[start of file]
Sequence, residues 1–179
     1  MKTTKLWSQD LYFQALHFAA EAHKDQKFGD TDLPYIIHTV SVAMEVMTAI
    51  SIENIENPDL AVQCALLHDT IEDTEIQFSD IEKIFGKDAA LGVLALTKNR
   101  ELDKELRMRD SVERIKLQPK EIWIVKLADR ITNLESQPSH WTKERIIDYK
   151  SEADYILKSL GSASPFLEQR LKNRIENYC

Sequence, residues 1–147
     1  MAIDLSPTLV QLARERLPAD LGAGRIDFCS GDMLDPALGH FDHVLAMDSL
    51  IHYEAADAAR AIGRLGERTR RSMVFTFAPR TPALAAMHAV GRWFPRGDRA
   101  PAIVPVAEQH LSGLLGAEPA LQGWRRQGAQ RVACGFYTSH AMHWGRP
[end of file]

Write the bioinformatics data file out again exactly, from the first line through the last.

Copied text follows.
Sequence, residues 1–179
     1  MKTTKLWSQD LYFQALHFAA EAHKDQKFGD TDLPYIIHTV SVAMEVMTAI
    51  SIENIENPDL AVQCALLHDT IEDTEIQFSD IEKIFGKDAA LGVLALTKNR
   101  ELDKELRMRD SVERIKLQPK EIWIVKLADR ITNLESQPSH WTKERIIDYK
   151  SEADYILKSL GSASPFLEQR LKNRIENYC

Sequence, residues 1–147
     1  MAIDLSPTLV QLARERLPAD LGAGRIDFCS GDMLDPALGH FDHVLAMDSL
    51  IHYEAADAAR AIGRLGERTR RSMVFTFAPR TPALAAMHAV GRWFPRGDRA
   101  PAIVPVAEQH LSGLLGAEPA LQGWRRQGAQ RVACGFYTSH AMHWGRP